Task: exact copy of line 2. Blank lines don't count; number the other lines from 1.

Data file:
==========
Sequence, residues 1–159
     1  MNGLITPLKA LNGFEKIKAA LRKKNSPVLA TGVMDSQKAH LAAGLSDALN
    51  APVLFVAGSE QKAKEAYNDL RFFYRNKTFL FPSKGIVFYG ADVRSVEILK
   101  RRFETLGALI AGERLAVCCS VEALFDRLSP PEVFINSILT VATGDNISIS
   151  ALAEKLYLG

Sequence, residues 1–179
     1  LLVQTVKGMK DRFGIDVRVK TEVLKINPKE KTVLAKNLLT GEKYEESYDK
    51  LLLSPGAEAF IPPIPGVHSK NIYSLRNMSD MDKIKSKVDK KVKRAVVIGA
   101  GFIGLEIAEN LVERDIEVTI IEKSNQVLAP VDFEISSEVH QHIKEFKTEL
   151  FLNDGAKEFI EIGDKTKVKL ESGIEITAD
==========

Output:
     1  MNGLITPLKA LNGFEKIKAA LRKKNSPVLA TGVMDSQKAH LAAGLSDALN